Glad-to-be-back links

29th September 2014

Apologies for our problems with malware over the past ten days or so. Believe me, we are very happy to be back – and we feel confident that we’re free of problems now. So to celebrate here is a list of interesting recent links. As before, I apologise in advance for not crediting the sources of the ones I picked up from others – but do feel free to appropriate any of these.

Here’s why The New York Times‘ television criticism is so bad: Anne Helen Petersen for Buzzfeed – so good.

Scandals of Classic Hollywood – the long suicide of Montgomery Clift: meanwhile, here’s a terrific extract courtesy of Vanity Fair from Anne Helen Petersen’s new book.

• Eyes of Hitchcock: a hypnotic short video essay from ::konogawa and Criterion Collection

Eyes of Hitchcock from Criterion Collection on Vimeo.

Macbeth – something wicked: Terence Rafferty on Polanski’s Shakespeare adaptation, from Criterion Collection

• Independent nation with films to match: J. Hoberman for, um, The New York Times, about MoMA’s essential Georgian cinema season…

• Discovering Georgian cinema, parts I and II:… and here are MoMA’s programme notes for the season.

A celestial cinémathèque? or film archives and me – a semi-personal history: a wonderful extended essay from David Bordwell.

Archives online – British Pathé’s Death Jump – Eiffel Tower (1912): for Sight & Sound Thirza Wakefield responds to the eerie film of Franz Reichelt plunging to his death.

The death of adulthood in American culture: more from The New York Times, in this case A. O. Scott’s richly interesting essay.

One last look round – Television Centre 18 months on: a final goodbye to TVC from Jon Jacob at the About the BBC blog.

Into the unknown: Calvin Tomkins on Chris Ofili for The New Yorker.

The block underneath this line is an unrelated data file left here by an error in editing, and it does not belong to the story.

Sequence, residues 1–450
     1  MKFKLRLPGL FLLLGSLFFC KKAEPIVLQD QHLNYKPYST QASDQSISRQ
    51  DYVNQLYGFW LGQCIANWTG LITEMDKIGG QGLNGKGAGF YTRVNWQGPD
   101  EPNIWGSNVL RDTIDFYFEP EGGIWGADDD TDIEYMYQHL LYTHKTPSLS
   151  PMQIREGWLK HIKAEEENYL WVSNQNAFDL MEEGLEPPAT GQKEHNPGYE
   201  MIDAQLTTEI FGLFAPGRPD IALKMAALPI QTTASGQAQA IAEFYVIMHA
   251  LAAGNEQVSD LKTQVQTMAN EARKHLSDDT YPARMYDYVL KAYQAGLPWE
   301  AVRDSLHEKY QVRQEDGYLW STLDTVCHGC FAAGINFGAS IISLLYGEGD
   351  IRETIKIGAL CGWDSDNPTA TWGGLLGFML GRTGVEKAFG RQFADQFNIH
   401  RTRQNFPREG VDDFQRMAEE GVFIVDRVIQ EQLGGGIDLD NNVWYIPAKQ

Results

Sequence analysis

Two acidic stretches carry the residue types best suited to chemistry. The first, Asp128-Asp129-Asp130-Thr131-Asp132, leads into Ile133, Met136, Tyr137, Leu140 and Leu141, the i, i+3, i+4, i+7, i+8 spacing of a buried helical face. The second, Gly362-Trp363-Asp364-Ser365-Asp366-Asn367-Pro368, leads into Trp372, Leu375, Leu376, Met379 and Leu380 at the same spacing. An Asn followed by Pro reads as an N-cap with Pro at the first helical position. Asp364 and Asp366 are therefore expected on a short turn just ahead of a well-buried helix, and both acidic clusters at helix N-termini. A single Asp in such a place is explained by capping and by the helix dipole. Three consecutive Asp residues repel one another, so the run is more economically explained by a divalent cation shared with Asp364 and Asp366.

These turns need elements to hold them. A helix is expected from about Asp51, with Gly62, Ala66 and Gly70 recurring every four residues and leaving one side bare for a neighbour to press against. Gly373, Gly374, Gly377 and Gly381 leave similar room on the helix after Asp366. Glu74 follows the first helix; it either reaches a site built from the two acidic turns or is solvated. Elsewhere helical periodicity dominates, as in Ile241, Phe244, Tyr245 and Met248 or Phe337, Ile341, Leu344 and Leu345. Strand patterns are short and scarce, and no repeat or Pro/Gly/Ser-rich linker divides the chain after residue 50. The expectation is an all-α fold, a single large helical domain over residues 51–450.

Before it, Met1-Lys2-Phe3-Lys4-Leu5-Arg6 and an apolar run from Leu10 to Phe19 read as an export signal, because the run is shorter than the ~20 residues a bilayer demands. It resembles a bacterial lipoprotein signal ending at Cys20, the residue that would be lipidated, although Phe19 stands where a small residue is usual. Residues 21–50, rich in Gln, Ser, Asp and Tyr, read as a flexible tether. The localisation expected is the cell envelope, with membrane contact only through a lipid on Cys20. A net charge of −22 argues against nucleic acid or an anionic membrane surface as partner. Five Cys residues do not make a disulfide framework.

Get your motor running – a history of the American road trip, in pictures: images drawn from David Campany’s new book, for whcih I can hardly wait.

My recording sessions with Bob Dylan: ‘what it was like to be in the studio for Blood on the Tracks, by assistant engineer Glenn Berger via Esquire.

Ibsen – the unlikely radical: a really terrific online essay about the playwright from Andrew Dickson and the Barbican.

The writer and the valet: Frances Stonor Saunders on the Zhivago story, from London Review of Books.

Designing a url structure for BBC programmes: from smethurst, and so much more interesting than you think it might be.

• David Foster Wallace novel translated by an 11-year-old – into Lego: from Alison Flood, Guardian –
‘[Kevin] Griffith and his son had the idea to “translate” Infinite Jest into Lego after reading Brendan Powell Smith’s The Brick Bible, which takes on the New Testament.’ (I’m very late with this, I know, but it’s worth it.)

• … and here it is: Brickjest

It’s silly to be frightened of being dead: 96-year-old Diana Athill is wonderful on death and dying, from the Guardian.

Image: Ketevan Abuladze, left, and Edisher Giorgobiani in Tengiz Abuladze’s Repentance (1984); courtesy Cannon Films/Everett Films, from MoMA’s Georgian cinema season.

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